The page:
Just a few weeks ago, over 600 medical students nervously waited for a phone call or email from ophthalmology residency programs around the United States, congratulating 460 of those students on having secured a residency position in an ACGME-accredited ophthalmology residency program and allowing them to advance one step closer toward their goal of becoming an ophthalmologist. As you may have read in the previous article, “Remembering Ophthalmology Residency Match Day,” the experiences of applicants on Match Day are unique, entertaining, and unforgettable. Now that Match Day has passed, we look to the Ophthalmology Residency Match Results to provide insight for students hoping to match in the future, applicants who just recently matched, and current ophthalmologists grateful to have matched years ago, including the Chairman of a Department of Ophthalmology who, during a residency interview with me, candidly admitted, “I’m just glad I don’t have to go through the match again! There’s no way I would have matched if I were applying today!”
Each year, the Ophthalmology Residency Match Results are published online on the SF Match website. Below is a brief summary of a few of the most interesting trends I see when analyzing the Ophthalmology Residency Match Results for the years 2004 -2014.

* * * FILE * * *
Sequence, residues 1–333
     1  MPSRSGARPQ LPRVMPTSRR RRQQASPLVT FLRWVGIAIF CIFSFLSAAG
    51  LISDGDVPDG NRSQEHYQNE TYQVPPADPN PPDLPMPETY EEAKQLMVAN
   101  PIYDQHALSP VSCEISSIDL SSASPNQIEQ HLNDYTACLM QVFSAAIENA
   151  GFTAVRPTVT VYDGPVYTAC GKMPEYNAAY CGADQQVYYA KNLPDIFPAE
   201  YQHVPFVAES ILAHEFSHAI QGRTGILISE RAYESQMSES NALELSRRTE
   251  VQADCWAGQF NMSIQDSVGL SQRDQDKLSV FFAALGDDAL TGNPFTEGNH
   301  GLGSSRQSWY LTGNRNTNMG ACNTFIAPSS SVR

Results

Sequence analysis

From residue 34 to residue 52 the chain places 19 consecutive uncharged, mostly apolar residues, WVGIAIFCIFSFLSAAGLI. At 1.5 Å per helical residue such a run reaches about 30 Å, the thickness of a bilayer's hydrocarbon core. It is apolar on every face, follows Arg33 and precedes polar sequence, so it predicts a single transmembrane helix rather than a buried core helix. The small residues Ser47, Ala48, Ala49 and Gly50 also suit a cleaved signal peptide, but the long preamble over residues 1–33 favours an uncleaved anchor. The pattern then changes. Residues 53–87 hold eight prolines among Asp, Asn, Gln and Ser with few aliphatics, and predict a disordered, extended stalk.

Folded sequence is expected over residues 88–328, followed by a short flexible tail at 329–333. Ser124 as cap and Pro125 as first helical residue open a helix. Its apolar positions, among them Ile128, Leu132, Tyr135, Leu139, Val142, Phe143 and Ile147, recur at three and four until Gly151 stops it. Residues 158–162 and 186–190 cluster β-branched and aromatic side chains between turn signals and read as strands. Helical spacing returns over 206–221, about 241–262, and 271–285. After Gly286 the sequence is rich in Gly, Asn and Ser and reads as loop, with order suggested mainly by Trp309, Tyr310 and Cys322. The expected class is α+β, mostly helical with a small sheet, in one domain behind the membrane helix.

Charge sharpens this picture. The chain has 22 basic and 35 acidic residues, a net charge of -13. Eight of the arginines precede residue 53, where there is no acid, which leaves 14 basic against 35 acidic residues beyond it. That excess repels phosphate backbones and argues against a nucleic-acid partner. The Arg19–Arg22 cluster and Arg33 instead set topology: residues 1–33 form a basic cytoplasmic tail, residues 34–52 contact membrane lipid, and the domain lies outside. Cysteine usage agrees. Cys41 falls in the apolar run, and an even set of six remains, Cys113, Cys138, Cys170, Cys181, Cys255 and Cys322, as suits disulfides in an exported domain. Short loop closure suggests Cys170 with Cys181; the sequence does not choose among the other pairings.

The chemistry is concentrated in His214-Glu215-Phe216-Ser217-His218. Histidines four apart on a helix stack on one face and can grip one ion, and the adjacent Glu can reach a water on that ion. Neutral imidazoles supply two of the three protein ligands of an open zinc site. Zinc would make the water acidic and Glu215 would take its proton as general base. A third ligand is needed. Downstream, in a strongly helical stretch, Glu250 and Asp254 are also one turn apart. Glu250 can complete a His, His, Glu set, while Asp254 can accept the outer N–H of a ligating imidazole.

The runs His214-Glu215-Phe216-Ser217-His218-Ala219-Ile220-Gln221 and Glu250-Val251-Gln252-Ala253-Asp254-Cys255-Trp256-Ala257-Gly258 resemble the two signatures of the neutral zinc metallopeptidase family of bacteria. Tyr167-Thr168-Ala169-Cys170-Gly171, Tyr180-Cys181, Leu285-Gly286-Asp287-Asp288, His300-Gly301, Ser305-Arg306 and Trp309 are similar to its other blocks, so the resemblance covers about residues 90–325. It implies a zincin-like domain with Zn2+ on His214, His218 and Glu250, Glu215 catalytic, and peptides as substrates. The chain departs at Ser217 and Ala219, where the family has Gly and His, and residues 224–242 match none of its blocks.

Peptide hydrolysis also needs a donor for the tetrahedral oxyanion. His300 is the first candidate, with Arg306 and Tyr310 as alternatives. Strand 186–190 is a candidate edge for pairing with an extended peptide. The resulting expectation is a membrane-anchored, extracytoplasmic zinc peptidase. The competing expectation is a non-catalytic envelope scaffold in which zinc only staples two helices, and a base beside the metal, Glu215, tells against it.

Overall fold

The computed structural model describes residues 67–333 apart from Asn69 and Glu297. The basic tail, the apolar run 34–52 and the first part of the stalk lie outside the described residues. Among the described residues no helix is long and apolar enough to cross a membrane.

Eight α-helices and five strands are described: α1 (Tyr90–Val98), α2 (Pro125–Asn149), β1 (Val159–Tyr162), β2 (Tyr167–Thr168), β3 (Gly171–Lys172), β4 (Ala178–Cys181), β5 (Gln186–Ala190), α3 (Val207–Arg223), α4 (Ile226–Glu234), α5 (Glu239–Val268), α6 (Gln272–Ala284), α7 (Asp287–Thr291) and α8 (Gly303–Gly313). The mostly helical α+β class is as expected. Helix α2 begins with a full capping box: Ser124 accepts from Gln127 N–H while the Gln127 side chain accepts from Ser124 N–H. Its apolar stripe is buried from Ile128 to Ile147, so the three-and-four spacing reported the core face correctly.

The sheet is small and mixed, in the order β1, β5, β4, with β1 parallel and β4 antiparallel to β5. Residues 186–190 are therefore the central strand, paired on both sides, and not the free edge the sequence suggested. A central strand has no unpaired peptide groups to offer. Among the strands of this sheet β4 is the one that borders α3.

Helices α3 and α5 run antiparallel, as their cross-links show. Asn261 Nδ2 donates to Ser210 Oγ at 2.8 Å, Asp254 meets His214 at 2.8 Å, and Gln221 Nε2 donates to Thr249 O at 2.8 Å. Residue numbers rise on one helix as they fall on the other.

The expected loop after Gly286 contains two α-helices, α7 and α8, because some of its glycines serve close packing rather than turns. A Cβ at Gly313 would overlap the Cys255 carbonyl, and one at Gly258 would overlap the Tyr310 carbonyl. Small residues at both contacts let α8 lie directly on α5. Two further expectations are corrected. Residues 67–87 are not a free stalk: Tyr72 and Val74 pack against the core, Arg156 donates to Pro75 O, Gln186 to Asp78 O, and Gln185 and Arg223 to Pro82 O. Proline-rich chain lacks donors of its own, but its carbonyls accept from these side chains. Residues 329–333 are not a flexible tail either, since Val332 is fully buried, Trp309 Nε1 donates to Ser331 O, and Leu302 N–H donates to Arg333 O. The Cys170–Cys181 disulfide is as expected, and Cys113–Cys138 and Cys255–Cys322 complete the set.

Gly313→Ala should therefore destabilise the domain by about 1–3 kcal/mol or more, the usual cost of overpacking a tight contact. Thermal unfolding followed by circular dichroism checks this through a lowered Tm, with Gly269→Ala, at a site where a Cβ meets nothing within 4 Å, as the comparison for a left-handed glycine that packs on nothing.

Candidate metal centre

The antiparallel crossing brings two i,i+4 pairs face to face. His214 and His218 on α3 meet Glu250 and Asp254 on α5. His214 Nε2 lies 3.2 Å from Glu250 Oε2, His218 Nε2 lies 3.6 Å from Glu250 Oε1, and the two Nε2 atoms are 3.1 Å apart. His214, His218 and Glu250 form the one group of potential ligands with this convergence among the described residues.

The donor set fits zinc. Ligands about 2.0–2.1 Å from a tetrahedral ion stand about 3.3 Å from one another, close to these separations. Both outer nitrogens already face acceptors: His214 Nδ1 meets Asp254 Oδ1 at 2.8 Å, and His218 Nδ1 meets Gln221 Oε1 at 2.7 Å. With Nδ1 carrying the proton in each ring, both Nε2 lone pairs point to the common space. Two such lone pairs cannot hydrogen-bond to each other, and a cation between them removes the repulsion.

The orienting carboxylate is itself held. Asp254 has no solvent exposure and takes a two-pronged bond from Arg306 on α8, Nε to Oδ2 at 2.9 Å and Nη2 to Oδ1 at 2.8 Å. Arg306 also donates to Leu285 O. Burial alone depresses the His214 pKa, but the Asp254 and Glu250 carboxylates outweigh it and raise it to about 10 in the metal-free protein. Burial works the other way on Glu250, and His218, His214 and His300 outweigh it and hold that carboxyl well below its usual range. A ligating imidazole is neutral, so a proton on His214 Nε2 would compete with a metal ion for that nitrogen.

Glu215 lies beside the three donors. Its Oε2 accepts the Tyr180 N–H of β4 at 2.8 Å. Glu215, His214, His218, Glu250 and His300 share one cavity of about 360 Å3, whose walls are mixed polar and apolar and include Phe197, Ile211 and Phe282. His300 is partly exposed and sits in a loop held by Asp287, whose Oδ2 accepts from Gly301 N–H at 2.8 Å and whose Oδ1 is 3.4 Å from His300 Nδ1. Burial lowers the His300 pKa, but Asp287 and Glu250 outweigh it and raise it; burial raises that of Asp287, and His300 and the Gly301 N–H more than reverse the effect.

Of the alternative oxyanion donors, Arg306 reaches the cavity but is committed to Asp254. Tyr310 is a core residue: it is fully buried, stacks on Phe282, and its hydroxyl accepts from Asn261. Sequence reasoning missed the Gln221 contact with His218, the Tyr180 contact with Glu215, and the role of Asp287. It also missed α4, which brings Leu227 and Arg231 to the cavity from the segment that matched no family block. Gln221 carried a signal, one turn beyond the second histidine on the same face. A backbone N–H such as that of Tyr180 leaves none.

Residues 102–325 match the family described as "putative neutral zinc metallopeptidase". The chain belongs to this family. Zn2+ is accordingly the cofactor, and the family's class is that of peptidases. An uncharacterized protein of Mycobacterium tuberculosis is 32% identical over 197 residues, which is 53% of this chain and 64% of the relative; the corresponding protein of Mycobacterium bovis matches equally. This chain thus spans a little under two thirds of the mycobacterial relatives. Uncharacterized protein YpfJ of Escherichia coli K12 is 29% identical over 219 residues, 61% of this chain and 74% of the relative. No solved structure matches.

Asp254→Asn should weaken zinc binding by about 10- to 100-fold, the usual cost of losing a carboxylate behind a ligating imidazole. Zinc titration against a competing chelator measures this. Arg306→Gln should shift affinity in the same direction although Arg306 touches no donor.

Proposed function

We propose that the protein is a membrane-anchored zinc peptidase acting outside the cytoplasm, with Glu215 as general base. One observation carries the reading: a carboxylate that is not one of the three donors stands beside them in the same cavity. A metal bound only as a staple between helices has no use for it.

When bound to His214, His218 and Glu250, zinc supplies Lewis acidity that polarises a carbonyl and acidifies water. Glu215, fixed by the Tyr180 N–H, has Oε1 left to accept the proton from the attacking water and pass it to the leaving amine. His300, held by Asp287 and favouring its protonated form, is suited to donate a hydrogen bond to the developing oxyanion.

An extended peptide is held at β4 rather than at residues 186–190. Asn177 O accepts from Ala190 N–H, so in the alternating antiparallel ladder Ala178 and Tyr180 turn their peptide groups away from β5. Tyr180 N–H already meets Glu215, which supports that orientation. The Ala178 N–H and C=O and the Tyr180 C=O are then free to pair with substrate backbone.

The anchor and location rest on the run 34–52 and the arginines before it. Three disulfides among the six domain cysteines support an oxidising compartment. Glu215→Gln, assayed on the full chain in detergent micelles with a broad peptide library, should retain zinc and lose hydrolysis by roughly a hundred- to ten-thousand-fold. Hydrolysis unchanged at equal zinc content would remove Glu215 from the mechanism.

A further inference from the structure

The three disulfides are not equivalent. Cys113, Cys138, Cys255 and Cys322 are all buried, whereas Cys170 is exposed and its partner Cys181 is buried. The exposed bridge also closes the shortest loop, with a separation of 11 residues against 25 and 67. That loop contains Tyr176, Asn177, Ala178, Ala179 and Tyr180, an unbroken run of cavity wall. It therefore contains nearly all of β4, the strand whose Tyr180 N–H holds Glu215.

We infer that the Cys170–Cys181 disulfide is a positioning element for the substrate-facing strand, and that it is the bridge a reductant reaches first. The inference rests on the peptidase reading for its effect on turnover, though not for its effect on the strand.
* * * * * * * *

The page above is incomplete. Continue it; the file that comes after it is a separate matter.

Average USMLE Step 1 Score
As can be seen above, the average USMLE Step 1 score among matched and unmatched applicants has increased over the last decade. Not shown on the graph above, however, is the percent increase from year to year. Between the 2013 match class and the 2014 match class, the average USMLE Step 1 score increased 1.3%, or from 239 to 242, representing the second highest year-to-year increase, second only to the increase from 2008 to 2009. Among unmatched applicants, the average USMLE Step 1 scores also increased with this year’s match class, from 222 to 226, a 1.8% increase over 2013. It should be noted that this increase in Step 1 score among all applicants is consistent with what I believe to be the general trend of increasing average USMLE Step 1 scores over time among all applicants and within all specialties.
Average Number of Applications Submitted Per Applicant
In this figure we see the trend of applicants submitting an increasing number of applications each year. With just 117 ACGME-accredited ophthalmology residency programs in the United States, the average 2014 match applicant submitted applications to over half of all possible programs. The current cost per program applied increases in the following stepwise fashion: